At the Archives
I had a few outstanding questions. Had I selected the correct files to review? Would I really be able to find my grandfather by reviewing slightly more than one-quarter of the materials available? I was looking for a needle in a haystack but as they say, nothing ventured nothing gained.
I arrived at the National Archives Atlanta early Monday afternoon, signed all the appropriate paperwork and I began my review. By closing time at 4 pm, I had reviewed a total was three boxes, a bit below my daily goal even for a half-day.
The good news is that in the second box I found my grandfather’s name on a Stone and Webster list of all their employees working on the Manhattan Project, also known as Project X, for the week ending July 3, 1943. He is the resident inspector at Chapman Valve Company in Indian Orchard, Massachusetts. I had successfully found my grandfather in the records, and I was looking in the right place.
Back at the hotel, I reviewed the finding aid for any files related to Chapman Valve Company and emailed a request to pull an additional five boxes. On Tuesday morning I learned that due to vacation schedules, the additional boxes would be pulled on Thursday morning. My box review total for Tuesday was 8 and for Wednesday it was 12. While Tuesday’s and Wednesday’s searches did not produce anything specifically about my grandfather, I learned that the initial order of Chapman Valve Co. vacuum valves was to be delivered in September 1943. This information appears to coincide with my grandfather moving to a desk job, and turning in his “C” gas card as noted in the letters.
Chapman Valve Company
On Thursday I reviewed 12 boxes and while I found nothing relating directly to Mac, I did learn that Chapman Valve Co. contracts were classified top secret in the contract rating documents. On Thursday evening I reviewed and identified the order in which I wanted to review the remaining 16 or so boxes I had waiting for me on Friday. I was beginning to think that my fantastic find was on Monday might not be repeated, but it would be nice to find something else.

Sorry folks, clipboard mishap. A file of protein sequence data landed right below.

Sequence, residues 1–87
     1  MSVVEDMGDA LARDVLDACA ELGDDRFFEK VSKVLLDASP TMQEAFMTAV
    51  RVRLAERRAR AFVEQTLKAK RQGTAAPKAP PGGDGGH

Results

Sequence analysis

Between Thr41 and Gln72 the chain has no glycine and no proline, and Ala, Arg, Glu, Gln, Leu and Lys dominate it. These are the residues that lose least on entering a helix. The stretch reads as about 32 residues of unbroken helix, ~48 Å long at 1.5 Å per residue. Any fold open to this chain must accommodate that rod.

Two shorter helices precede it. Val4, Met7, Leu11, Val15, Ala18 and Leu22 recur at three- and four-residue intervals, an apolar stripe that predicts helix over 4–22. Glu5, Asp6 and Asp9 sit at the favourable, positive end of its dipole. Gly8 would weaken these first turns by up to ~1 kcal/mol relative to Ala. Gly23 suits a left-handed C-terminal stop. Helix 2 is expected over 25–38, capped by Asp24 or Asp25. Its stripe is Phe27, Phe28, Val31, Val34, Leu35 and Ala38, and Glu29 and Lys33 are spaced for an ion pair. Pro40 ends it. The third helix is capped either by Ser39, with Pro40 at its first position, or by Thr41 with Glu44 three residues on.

Friday was a beautiful, clear day and there were five of us in the research room. I decided that I would work straight through to about 3:15 pm when I would leave to catch a flight home. After reviewing a few boxes without success, I re-reviewed my plan of action and decided to look at one of the 1943 visitors passes files for the Boston office. At the back of the 1943 folder, I found my grandfather visiting Metal Hydrides in Beverly, Massachusetts, daily for 3 weeks in late March and early April of 1943. Visitor permits were issued daily and summarized in a weekly summary of visitor permits.
Metal Hydrides, Inc., “. . . was a part of the Manhattan Project until about 1947. During this time MHI worked with natural uranium-238 to produce metal powder. This powder was then molded into ingots, and sent to other nuclear facilities in Chicago, Hanford, and Oakridge (now known as Oak Ridge). These facilities used the ingots for fuels experimentation.“ (https://primaryresearch.org/a-study-of-the-metal-hydrides-companys-involvement-in-the-development-of-the-atom-bomb/)
Once I found my grandfather visiting Metal Hydrides, I decided to quickly scan the remainder of that folder. I came across a teletype dated August 24, 1944, providing my grandfather with access to the Eastman Supervisor in Boston backdated to July 1, 1943. The order was signed by Colonel K. D. Nichols, the District Engineer “. . . of the Manhattan Engineer District at Oak Ridge, Tennessee, and led both the uranium production facility at the Clinton Engineer Works at Oak Ridge, Tennessee, and the plutonium production facility at Hanford Engineer Works in Washington state.” (https://en.wikipedia.org/wiki/Kenneth_Nichols)